September 2019
Volume 19, Issue 10
Open Access
Vision Sciences Society Annual Meeting Abstract  |   September 2019
Using dynamic contrast estimation to assess interocular summation for non-rivalrous stimuli
Author Affiliations & Notes
  • Kimberly Meier
    Department of Psychology, University of Washington
  • Kristina Kristina Tarczy-Hornoch
    Department of Ophthalmology, Seattle Children’s Hospital
  • Ione Fine
    Department of Psychology, University of Washington
  • Geoffrey M Boynton
    Department of Psychology, University of Washington
Journal of Vision September 2019, Vol.19, 80. doi:https://doi.org/10.1167/19.10.80
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      Kimberly Meier, Kristina Kristina Tarczy-Hornoch, Ione Fine, Geoffrey M Boynton; Using dynamic contrast estimation to assess interocular summation for non-rivalrous stimuli. Journal of Vision 2019;19(10):80. doi: https://doi.org/10.1167/19.10.80.

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      © ARVO (1962-2015); The Authors (2016-present)

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Abstract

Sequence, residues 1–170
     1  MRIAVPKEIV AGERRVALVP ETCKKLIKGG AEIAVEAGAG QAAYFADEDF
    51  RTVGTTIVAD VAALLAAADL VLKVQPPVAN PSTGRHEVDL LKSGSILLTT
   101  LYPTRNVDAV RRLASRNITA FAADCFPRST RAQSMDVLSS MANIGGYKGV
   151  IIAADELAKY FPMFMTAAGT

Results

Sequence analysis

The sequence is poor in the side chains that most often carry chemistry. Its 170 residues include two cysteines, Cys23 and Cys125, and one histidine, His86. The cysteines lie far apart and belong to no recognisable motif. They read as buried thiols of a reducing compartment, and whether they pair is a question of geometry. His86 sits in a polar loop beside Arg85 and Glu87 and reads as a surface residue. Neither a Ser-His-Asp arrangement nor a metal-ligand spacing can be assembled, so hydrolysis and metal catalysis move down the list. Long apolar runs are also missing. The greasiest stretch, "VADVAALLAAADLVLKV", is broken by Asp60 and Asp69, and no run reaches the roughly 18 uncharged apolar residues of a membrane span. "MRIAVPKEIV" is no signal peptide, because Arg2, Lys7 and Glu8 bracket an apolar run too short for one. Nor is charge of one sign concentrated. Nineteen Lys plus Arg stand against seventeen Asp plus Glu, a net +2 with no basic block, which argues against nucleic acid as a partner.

Purpose: Interocular summation has been measured using a wide variety of stimuli, measurements, and models. Our goal was to develop an intuitive and robust measure of interocular summation that reflects naturalistic (non-rivalrous) conditions and provides a direct measure of the perceptual experience of the observer. Methods: Observers fixated a Gabor (2 cpd; 4 deg radius, orientation rotating at 1 deg/sec to minimize adaptation effects) through a stereoscope. Gabor contrast was slowly modulated at 1/8 Hz in one eye, and 1/6 Hz in the other. Subjects dynamically reported perceived contrast over time by manipulating a Thrustmaster Pro joystick. In a separate task, we quantified each observer’s interocular contrast ratio by asking subjects to estimate the apparent phase of 100% contrast Gabor stimuli that were phase-offset across the two eyes (Kwon et al. 2014). Results: Using dynamic contrast estimation, with less than an hour of data per subject it was possible to estimate individual contrast response functions for each eye, and robustly fit a model of binocular summation. Data were well fit by a very simple model of binocular summation: R = (KL*CLn + KR*CRn)(1/n), where CL and CR are the stimulus contrast response functions and KL and KR are gain parameters for left (L) and right (R) eyes. Exponential parameters n show that binocular summation varied across individuals, ranging from approximately quadratic summation to a max rule. The interocular contrast ratio was estimated from best fitting model parameters as KL/KR. Interocular contrast ratios from dynamic model fits were closely correlated with those measured using the phase-offset technique. Conclusions: Our dynamic perceived contrast task provides an intuitive, rapid and robust method for assessing the binocular visual system that is likely to be useful in characterizing binocular dysfunction across a wide variety of disorders, including amblyopia and strabismus.

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